Prolonged dopamine signalling in striatum signals proximity and value of distant rewards.

Howe MW, Tierney PL, Sandberg SG, Phillips PE, Graybiel AM - Nature (2013)

Dopamine ramping is sensitive to reward magnitudea, b, Average dopamine signals from a VMS probe, for consecutive T-maze (a) and M-maze (b) sessions with asymmetric rewards. Asterisks indicate the goal with larger reward. Red arrows (and Switch) indicate reversal of reward amounts. c, Dopamine signals from a different rat running in the S-maze. White arrows indicate run direction. d, Average (± s.e.m.) peak dopamine across all value experiments (n = 4 rats). e, Average (± s.e.m.) VMS dopamine during T-maze (n = 44 sessions in 3 rats, black) and M-maze (n = 17, blue) sessions in same rats. f, g, Average (± s.e.m.) peak dopamine signals for the sessions plotted in a (f) and b (g) for trials to left (blue) and right (red) goals. Shading indicates arm with larger reward. h, i, Average normalized dopamine (h) and running speed (i) for runs to high (light green) and low (dark green) reward goals in the M-maze. Vertical lines indicate turns. j, k, Average normalized dopamine (j) and running speed (k) in the S-maze (n = 9 sessions in 2 rats), plotted as in h and i.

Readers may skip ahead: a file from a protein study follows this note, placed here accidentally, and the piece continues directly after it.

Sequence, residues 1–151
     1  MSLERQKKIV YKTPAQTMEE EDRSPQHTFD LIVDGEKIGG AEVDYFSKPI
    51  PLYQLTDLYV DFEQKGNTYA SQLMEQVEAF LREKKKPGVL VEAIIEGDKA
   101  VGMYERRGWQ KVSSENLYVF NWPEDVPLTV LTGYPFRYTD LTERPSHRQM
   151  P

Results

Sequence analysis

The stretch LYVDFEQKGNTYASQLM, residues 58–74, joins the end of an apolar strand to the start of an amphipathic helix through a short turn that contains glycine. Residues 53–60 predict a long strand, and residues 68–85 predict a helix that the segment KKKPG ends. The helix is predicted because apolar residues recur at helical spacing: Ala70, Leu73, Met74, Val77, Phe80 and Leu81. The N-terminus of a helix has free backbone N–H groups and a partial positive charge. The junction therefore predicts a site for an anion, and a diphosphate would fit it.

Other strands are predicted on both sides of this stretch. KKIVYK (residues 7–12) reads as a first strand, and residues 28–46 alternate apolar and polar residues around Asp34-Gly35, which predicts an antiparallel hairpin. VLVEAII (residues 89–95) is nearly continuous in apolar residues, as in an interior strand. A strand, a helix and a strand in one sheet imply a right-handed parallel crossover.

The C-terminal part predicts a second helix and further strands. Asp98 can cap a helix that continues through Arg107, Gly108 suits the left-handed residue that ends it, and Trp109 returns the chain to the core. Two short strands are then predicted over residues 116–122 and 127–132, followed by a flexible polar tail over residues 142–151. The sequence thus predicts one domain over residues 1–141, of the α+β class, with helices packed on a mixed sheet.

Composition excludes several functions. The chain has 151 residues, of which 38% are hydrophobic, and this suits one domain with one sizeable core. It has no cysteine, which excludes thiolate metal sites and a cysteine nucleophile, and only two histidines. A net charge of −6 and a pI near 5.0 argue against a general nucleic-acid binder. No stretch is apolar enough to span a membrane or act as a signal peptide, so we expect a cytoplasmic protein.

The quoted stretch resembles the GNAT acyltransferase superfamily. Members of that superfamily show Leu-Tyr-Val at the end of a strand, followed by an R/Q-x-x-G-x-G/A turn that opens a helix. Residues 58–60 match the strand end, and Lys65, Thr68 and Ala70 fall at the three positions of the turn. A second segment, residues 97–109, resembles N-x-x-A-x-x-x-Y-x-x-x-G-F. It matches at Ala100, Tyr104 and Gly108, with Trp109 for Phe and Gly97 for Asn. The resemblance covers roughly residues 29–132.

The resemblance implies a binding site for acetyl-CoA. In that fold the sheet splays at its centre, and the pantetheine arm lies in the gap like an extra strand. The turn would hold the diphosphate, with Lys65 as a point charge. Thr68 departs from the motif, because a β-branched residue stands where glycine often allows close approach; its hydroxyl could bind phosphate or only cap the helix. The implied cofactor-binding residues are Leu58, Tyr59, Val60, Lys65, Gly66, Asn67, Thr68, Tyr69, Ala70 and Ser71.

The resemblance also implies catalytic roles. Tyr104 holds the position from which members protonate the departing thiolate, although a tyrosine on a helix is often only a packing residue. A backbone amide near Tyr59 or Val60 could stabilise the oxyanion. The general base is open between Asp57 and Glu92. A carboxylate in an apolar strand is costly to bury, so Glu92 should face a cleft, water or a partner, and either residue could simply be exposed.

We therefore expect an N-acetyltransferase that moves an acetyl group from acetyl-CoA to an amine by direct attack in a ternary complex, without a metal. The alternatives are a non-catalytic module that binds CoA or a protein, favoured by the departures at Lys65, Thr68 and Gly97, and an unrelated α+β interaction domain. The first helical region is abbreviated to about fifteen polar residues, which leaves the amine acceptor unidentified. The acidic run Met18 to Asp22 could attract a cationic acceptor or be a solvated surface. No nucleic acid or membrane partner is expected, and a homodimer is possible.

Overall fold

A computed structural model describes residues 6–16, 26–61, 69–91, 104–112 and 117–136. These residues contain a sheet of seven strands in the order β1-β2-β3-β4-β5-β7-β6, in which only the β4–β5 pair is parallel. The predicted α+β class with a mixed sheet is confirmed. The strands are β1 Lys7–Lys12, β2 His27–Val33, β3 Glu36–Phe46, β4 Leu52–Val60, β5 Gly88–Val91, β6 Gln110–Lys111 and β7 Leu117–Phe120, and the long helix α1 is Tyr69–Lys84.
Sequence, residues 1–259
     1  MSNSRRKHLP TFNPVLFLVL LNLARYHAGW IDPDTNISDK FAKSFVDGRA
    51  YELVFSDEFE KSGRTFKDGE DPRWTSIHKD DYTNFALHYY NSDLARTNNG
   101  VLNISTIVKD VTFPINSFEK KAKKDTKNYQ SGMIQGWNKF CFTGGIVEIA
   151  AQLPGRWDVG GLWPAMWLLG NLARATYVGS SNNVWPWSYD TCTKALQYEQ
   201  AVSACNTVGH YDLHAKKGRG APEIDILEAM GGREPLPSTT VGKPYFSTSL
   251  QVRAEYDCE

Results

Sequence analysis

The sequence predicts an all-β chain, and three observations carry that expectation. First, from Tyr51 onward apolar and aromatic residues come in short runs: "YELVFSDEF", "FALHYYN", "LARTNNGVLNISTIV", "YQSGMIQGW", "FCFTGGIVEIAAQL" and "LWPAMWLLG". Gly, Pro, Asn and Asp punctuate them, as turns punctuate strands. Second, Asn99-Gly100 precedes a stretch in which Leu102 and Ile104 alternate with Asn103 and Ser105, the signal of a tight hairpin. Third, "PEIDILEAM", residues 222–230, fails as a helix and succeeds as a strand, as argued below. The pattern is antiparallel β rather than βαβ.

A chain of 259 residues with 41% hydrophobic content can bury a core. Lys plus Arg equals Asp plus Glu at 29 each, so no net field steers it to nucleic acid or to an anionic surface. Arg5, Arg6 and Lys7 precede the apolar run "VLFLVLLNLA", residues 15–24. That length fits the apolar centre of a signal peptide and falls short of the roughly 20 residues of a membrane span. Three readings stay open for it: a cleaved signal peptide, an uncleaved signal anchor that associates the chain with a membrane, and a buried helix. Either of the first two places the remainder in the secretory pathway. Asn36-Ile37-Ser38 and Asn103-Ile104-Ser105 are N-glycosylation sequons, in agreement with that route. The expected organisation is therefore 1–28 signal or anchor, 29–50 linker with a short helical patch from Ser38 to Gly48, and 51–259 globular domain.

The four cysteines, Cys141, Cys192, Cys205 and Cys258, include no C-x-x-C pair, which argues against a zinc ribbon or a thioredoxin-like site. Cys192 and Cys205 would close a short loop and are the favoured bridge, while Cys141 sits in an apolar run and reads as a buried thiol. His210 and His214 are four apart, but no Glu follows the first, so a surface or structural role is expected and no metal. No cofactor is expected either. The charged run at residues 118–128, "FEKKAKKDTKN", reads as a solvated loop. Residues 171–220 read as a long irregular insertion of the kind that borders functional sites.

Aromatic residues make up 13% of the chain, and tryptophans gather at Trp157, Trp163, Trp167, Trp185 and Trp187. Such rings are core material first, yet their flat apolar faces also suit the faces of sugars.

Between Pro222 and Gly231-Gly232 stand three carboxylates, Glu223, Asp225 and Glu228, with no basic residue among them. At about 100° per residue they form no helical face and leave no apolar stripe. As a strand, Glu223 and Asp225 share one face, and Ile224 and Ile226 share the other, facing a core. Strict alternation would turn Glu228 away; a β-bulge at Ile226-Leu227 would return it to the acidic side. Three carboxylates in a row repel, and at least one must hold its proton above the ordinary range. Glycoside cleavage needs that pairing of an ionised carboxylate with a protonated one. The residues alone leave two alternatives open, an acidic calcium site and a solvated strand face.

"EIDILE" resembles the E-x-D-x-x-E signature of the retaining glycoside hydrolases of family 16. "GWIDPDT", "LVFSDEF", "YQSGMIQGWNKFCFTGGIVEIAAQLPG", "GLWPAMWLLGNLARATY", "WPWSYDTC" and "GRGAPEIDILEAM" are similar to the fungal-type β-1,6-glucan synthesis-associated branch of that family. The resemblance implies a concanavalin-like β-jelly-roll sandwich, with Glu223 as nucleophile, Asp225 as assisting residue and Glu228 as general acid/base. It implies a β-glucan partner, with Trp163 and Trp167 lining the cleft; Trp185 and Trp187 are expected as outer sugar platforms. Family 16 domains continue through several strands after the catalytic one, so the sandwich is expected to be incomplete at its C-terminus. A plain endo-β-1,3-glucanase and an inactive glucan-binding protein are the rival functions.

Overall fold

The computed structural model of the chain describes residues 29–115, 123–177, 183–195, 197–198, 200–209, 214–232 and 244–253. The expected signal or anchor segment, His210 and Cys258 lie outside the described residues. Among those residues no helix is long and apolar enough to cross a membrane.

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Figure 3: Dopamine ramping is sensitive to reward magnitudea, b, Average dopamine signals from a VMS probe, for consecutive T-maze (a) and M-maze (b) sessions with asymmetric rewards. Asterisks indicate the goal with larger reward. Red arrows (and Switch) indicate reversal of reward amounts. c, Dopamine signals from a different rat running in the S-maze. White arrows indicate run direction. d, Average (± s.e.m.) peak dopamine across all value experiments (n = 4 rats). e, Average (± s.e.m.) VMS dopamine during T-maze (n = 44 sessions in 3 rats, black) and M-maze (n = 17, blue) sessions in same rats. f, g, Average (± s.e.m.) peak dopamine signals for the sessions plotted in a (f) and b (g) for trials to left (blue) and right (red) goals. Shading indicates arm with larger reward. h, i, Average normalized dopamine (h) and running speed (i) for runs to high (light green) and low (dark green) reward goals in the M-maze. Vertical lines indicate turns. j, k, Average normalized dopamine (j) and running speed (k) in the S-maze (n = 9 sessions in 2 rats), plotted as in h and i.